The Trick To Foaming Milk Without A Frother

Dense, fluffy foam can mean the difference between a perfect mocha or a satisfying cappuccino. The alternative, well, just like Encanto's Bruno, we don't talk about it. Okay, maybe we do talk about it, that is if we drink lattes or macchiatos which use steamed milk; but if you like your espresso drinks with lovely, velvety foam, then you know there is a big difference between how these two milky options are achieved.

According to Coffee Affection, the difference between steamed milk and foam is all about the volume. While steamed milk is aerated to give it a little fluff, it is always hot. Milk that is frothed until it turns into a snowdrift of bubbly foam can be either hot or cold, and there is much more to its mass than when it is steamed.

But how do you get mounds of milk foam? Luckily, there's a culinary tool for that. To achieve those milk clouds of foamy goodness, you could use a milk frother, per Advanced Mixology, or you could try a trick for frothing milk into foam that doesn't require you to spend any money on a new tool. And the hack is so basic that you will wonder how you couldn't figure out this one without the help of the internet.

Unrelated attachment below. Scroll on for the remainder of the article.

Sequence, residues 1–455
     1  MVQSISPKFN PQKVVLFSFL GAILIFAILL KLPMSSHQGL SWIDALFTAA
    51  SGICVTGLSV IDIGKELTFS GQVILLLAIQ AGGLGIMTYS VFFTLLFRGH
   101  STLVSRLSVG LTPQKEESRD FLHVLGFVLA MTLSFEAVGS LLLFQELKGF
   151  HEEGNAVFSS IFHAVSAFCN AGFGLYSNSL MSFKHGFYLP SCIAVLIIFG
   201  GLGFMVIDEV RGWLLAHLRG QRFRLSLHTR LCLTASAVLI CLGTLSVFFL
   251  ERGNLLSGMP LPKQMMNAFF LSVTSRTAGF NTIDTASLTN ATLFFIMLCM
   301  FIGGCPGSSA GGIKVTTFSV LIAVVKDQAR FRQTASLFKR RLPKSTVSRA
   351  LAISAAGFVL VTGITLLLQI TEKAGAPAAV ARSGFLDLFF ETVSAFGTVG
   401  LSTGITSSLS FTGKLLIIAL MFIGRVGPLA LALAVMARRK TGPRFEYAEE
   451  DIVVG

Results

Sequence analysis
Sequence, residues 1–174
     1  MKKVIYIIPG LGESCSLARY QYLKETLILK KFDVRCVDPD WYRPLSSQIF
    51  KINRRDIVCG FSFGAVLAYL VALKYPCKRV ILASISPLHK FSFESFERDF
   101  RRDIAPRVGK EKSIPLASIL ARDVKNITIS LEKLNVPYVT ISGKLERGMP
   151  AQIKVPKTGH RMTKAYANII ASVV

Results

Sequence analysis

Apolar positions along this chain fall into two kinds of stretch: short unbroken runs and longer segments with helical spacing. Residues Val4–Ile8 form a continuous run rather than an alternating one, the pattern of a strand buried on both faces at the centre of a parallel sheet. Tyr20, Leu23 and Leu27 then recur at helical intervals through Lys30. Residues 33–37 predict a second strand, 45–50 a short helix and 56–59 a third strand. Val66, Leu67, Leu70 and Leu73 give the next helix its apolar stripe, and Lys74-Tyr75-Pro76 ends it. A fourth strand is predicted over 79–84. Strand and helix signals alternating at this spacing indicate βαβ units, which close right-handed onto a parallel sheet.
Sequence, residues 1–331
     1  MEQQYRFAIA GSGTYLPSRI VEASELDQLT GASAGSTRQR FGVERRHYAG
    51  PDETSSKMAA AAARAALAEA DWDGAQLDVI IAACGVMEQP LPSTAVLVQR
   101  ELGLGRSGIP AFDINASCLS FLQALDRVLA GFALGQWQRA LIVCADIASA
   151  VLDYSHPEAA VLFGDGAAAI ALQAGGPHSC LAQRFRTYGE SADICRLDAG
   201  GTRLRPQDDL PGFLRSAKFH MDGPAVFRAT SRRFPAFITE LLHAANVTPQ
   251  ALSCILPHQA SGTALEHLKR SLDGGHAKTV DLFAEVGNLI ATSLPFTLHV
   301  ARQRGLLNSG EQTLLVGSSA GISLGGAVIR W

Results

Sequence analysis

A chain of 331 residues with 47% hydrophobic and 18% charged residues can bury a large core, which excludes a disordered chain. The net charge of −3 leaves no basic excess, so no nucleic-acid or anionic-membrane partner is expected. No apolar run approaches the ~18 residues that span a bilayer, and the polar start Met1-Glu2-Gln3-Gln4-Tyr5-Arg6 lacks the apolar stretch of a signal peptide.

Shake it like a polaroid picture

According to Greatist, if you want to create beautiful drifts of foam for your coffee drink, you only need a clean jar with a lid. The site goes on to explain you want to fill the jar no more than halfway full, seal it up with the lid, and then shake it like you just don't care. You will know it is mission complete when the milk has increased to twice its original amount. Then you will need to take the lid off and place your milk jar in the microwave for about 30 seconds. However, The Pioneer Woman explains this method is not the best if you plan to do some espresso art with your foamy milk.

Of course, you may have other hidden options in your kitchen. The Pioneer Woman suggests using your French press to whip up your milk. You will need to heat up the liquid over the stove or in the microwave before pouring it into your French press. But once it is warm, all you need to do is quickly pump up and down for about 10 seconds. Make certain you don't get too much milk into the press because it will increase in volume rather quickly. This method is easy to pour once you've created your foam, and it is also easy to use for that espresso art.